We live in uncertain economic times. We have come through a credit crisis, and we hope we are now emerging from one of the most significant recessions in decades. Which route should we now take, as an industry, to lead us most effectively towards recovery, prosperity and success?
Clearly the industry still has changes to make to ensure that the mistakes made by parts of it are not repeated in future, and this is of the utmost importance if our industry is to be put on a firm footing for success. Customers and the general public may not distinguish sufficiently between highly trustworthy, ethical and efficient firms and those whose standards were lower. Therefore customers must be wooed back and convinced of the reasons why they can once again place their trust in the industry.
Avoiding the issue is simply not an option, and leaving these problems to the regulator, government, or the European Union will serve neither the industry as a whole, nor its individual members. The solutions they are likely to impose will take longer, be more costly and less adapted to companies’ individual circumstances than solutions which companies may readily introduce and implement themselves.
To be real and lasting, organisational change must come from within. To be effective, it must come from the top. The most dynamic and forward-looking members of the industry have already implemented many beneficial changes, but for others, the route may seem insufficiently signposted, or too time-consuming and costly to follow, on top of all the daily pressures of running their businesses.
This is why the Financial Skills Partnership has developed a set of standards as part of its Leadership 21stCentury programme.
The FSP has been working with best practice employers, major industry bodies such as the Association of British Insurers, the British Bankers Association, the Financial Reporting Council and the Financial Services Authority, to distil the industry’s combined wisdom on board effectiveness and board diversity into a set of simple and easy-to-apply standards which everyone in the industry may use as their guide to good practice.
These draft standards do not impose any additional requirements over those already in the FRC’s Corporate Governance Code and the FSA Handbook rules.
They are designed to help firms see clearly what a good standard of application would look like in each area of responsibility. Once the standards have been finalised, the FSP will also develop a simple but robust measurement and reporting system to help companies implement them.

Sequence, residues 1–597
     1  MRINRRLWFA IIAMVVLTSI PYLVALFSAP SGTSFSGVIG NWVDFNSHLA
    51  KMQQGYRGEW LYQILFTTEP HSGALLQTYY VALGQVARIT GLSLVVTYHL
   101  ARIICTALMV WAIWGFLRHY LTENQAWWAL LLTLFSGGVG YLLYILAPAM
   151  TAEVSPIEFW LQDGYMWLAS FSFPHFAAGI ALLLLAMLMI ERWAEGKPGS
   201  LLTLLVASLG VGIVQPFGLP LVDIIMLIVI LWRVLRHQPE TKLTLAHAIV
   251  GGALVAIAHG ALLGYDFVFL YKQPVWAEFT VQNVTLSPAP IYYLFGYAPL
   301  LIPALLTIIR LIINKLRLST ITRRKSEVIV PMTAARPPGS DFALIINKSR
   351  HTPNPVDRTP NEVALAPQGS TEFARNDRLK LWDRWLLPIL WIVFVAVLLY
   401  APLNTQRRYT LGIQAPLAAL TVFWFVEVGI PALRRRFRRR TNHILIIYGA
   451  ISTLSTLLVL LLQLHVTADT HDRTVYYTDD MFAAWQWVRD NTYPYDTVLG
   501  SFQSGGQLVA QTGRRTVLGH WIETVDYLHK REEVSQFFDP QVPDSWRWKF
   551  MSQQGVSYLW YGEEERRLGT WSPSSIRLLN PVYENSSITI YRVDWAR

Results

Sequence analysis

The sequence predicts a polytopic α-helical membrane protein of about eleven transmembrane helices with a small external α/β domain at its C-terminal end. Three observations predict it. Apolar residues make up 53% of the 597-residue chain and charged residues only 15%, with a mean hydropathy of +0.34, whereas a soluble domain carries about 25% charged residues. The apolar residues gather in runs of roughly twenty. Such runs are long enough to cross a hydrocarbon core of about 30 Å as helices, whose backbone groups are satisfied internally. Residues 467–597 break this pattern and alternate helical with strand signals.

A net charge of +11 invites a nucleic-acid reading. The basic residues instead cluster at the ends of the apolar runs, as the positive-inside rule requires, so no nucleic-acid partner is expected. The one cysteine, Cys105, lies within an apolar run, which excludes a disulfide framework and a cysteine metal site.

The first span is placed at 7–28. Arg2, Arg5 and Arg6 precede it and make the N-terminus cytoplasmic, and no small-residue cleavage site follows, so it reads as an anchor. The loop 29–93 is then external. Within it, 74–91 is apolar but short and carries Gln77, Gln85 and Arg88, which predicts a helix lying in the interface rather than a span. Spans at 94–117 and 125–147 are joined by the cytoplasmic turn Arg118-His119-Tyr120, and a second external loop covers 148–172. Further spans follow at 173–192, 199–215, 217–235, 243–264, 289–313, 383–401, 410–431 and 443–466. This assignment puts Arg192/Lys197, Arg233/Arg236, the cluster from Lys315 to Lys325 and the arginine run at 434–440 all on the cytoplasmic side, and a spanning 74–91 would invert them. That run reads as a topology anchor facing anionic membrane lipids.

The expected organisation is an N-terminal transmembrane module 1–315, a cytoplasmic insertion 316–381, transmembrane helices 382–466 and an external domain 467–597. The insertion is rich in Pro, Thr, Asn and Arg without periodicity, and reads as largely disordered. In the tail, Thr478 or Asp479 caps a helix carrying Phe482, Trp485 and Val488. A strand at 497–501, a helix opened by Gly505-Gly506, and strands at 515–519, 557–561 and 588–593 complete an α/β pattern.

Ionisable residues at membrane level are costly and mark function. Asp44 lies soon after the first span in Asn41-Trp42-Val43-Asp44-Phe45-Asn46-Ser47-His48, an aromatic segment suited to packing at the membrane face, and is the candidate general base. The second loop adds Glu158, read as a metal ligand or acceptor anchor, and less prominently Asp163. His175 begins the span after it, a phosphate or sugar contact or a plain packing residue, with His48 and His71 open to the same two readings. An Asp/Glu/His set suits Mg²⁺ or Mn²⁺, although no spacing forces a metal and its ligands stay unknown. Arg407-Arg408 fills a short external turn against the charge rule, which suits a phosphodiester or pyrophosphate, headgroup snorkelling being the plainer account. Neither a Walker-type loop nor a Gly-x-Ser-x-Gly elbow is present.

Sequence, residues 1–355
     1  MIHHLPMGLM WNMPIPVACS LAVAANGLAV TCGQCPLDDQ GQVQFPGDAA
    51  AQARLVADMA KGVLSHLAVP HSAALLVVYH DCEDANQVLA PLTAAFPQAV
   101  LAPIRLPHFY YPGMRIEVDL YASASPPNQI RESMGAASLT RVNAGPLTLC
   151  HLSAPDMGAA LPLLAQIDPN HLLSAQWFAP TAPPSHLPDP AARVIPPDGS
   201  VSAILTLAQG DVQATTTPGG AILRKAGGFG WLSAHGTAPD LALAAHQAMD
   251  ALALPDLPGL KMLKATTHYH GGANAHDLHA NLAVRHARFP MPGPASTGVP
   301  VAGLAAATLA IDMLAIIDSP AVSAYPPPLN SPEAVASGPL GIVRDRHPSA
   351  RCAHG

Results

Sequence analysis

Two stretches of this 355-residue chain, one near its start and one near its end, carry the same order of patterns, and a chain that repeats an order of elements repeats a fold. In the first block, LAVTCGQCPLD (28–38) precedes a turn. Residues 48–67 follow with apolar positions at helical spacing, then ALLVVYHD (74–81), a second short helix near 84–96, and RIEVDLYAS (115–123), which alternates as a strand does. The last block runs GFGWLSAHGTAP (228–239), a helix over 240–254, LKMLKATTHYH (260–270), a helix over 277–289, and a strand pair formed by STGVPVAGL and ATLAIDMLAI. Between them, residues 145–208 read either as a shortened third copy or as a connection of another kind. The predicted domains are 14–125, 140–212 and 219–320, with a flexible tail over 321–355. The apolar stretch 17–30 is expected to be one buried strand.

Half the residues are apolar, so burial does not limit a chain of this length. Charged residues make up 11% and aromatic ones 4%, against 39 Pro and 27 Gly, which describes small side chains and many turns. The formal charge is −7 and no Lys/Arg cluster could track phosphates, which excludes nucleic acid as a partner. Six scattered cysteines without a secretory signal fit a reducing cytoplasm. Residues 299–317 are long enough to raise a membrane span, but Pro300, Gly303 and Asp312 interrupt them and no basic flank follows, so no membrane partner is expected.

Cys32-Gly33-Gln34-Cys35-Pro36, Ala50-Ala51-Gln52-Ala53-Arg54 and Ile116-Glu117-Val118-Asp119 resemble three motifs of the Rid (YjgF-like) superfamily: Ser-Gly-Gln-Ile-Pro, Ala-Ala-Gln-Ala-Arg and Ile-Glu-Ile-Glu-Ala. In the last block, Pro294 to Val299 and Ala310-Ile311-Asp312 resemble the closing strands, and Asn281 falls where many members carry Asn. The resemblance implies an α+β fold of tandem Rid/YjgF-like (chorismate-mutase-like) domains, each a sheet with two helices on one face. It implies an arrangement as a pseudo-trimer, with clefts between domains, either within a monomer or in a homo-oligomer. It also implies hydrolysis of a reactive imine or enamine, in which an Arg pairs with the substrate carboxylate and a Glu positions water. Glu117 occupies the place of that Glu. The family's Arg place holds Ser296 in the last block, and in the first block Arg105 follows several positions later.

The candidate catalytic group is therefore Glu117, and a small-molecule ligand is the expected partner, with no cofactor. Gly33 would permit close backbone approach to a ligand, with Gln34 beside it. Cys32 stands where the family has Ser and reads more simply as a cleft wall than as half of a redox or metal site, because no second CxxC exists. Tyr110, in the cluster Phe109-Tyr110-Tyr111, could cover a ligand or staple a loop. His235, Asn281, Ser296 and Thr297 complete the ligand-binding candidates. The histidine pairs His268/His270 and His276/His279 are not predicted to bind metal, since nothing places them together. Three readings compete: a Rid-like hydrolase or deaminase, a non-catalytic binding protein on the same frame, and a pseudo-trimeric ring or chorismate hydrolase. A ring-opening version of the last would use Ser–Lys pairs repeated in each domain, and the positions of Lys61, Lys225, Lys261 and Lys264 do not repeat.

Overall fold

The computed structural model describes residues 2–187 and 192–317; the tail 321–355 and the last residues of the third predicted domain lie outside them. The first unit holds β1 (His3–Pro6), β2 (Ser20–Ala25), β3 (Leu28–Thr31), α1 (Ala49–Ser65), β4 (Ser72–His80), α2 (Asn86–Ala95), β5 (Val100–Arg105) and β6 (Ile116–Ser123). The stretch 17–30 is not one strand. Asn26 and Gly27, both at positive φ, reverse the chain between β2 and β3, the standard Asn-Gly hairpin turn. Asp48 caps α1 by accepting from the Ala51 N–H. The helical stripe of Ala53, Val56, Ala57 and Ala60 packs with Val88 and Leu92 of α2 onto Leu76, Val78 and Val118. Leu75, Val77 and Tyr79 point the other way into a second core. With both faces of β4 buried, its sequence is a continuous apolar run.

To be effective, change must be envisioned and led by the board which needs to model the values it proclaims in its own behaviour and practice. That way, it has the best chance of taking the company’s senior and middle management, and eventually its entire workforce, with it.
An effective board needs to be competent, informed, critical, dynamic, effective, self-assessing and self–improving. To profit from the entire spectrum of available skills sets, it needs to be open, diverse, inclusive and connective. It will demonstrably practise the accountability and transparency it demands. To encourage optimal contributions from the company’s management and employees, it must also be a safe and supportive space where the Chief Executive, subject specialists, and anyone else who needs to, can share matters of importance to the company with the board without fear of blame or stigmatisation.
These are your standards and we are keen to hear of best practices from across the sector and from all sizes of company,therefore it is essential that your company’s voice is heard before they are given their final shape and go live. Giving your feedback need not take long, and can be done online on our website whose address is below. You can also join one of a number of focus groups led by supporting organisations.
If standards can be raised in the industry as a whole, customers will be better served, employees better motivated, and shareholders and other investors have greater confidence in the integrity, stability and long-term value of individual companies and the industry as a whole.
Liz Field is chief executive of the Financial Skills Partnership
The FSP consultation can be found at http://www.financialskillspartnership.org.uk/skills-resources/Leadership-21C-consultation